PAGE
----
Personal Finance

Stay at Home Parent + RRSP Withdrawal

  • Last Updated:
  • May 18th, 2018 5:30 pm
[OP]
Sr. Member
Nov 10, 2012
781 posts
282 upvotes
Calgary

Stay at Home Parent + RRSP Withdrawal

Here is my situation:

My wife is a stay at home parent with our young kids. Before she stopped working a few years ago, she had accumulated some savings in an RRSP. We are thinking about buying an investment property and I was wondering if there is any downside to withdrawing some of her RRSP money to use for the investment.

Note she has no other income right now. Just want to assess the pros and (mainly) cons of doing this. Thanks.
13 replies
Deal Addict
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Jul 22, 2008
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Toronto
Pro: since your wife has no other income right now, withdrawing from the RRSP will trigger zero or very low taxes depending on the amount.

Con: once you withdraw, the contribution room is effectively lost, so you are permanently reducing the amount of money your wife can invest tax-sheltered in an RRSP. You could mitigate this by using the Home Buyers' Plan and repaying the money back into your wife's RRSP within 15 years.
Deal Addict
Jul 15, 2009
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Note that the taxes on the withdrawal will never be zero. Her increase in income will reduce your spousal credit and thus increase your taxes by about 20% of the amount withdrawn (15% federal plus around 5% provincial).
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Jul 22, 2008
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bubak wrote:
May 17th, 2018 8:30 pm
Note that the taxes on the withdrawal will never be zero. Her increase in income will reduce your spousal credit and thus increase your taxes by about 20% of the amount withdrawn (15% federal plus around 5% provincial).
Thanks for pointing this out. I didn't even know this tax credit existed.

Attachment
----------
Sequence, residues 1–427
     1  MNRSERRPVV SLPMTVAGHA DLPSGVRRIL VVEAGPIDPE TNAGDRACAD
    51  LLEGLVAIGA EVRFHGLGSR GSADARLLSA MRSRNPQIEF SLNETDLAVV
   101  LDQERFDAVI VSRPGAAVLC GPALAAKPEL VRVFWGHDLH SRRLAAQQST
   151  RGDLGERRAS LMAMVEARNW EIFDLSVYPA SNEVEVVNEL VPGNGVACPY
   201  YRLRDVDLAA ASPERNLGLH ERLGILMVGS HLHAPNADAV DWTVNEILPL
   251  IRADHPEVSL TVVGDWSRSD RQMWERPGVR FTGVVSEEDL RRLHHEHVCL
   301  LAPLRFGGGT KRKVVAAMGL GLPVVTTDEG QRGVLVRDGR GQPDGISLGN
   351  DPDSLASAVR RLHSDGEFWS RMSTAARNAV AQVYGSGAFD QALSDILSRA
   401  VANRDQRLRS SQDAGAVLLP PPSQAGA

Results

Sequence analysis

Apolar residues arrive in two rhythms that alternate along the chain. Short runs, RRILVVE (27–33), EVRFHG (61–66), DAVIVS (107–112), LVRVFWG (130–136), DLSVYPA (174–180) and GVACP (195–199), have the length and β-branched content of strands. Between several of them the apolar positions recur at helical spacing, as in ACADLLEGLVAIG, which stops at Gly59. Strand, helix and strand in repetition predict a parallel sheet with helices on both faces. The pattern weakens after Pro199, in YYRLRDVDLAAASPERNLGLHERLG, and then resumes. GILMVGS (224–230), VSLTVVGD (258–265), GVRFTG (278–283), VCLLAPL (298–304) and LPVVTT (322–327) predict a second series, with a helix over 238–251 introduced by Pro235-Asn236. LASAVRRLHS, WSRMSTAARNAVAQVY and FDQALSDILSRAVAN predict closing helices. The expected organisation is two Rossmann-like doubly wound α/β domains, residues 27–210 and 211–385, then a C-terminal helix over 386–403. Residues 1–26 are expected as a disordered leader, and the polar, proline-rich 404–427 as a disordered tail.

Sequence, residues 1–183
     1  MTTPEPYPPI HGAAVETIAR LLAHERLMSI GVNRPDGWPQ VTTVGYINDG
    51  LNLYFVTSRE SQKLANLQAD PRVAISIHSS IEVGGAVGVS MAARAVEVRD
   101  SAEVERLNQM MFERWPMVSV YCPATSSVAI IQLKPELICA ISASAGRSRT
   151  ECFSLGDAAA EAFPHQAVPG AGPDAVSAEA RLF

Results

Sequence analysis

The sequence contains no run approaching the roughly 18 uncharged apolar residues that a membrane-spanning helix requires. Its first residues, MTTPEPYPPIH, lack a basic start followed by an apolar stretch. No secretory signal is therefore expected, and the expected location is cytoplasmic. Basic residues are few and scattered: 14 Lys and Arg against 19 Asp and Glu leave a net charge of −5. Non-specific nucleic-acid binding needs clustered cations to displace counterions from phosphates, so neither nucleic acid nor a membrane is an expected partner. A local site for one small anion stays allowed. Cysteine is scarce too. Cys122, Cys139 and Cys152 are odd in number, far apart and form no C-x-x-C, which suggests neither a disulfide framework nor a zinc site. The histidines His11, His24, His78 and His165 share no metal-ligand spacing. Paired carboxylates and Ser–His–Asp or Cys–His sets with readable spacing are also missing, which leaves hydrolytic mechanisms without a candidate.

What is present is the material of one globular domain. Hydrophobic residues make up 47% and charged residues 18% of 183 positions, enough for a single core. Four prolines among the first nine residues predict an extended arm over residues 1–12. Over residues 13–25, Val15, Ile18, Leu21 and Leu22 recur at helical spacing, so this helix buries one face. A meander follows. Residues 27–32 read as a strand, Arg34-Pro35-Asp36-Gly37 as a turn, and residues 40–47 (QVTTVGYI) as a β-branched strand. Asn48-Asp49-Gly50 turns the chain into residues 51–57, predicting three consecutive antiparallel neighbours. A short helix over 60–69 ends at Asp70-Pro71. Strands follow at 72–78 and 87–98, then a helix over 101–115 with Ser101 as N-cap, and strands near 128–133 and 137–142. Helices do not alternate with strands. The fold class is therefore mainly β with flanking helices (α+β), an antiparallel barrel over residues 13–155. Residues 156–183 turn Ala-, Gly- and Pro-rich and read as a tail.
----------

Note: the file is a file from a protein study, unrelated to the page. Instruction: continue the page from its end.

Deal Fanatic
Nov 24, 2013
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Kingston, ON
Increasing household income (via the RRSP withdrawals) will also reduce your Canada Child Benefit payments for the following year. The exact rate depends on the number of children you have and whether your household income is $30K-$65K or $65K+.

In light of CCB, it’s probably more efficient to not withdraw until the kids are going to turn 18, but if you need the funds now for an investment property, it is what it is.
Deal Fanatic
Feb 1, 2006
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Listen to the two posters above who know what they're talking about, some serious tax repercussions possible if you do this.
Deal Addict
Feb 21, 2004
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Montreal
An alternate option is to move your RRSP investments to a financial company that allows you to borrow against your investments (as collateral). The only one I know of is Manuvie (that'll be Manulife for the ROC) but I'm sure there are plenty others
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May 8, 2009
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HoTiCE_ wrote:
May 18th, 2018 8:41 am
An alternate option is to move your RRSP investments to a financial company that allows you to borrow against your investments (as collateral). The only one I know of is Manuvie (that'll be Manulife for the ROC) but I'm sure there are plenty others
I would downvote this suggestion. RRSP loans are a bad idea IMO when there are cool balance transfer promo's off credit cards with MBNA and the likes.
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Feb 21, 2004
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titaniumtux wrote:
May 18th, 2018 10:35 am
I would downvote this suggestion. RRSP loans are a bad idea IMO when there are cool balance transfer promo's off credit cards with MBNA and the likes.
How is that a viable alternate suggestion? OP has funds tied in RRSP and wondering if he should withdraw to invest. You lose that contribution room forever! I dont see how MBNA balance transfer can help in this situation?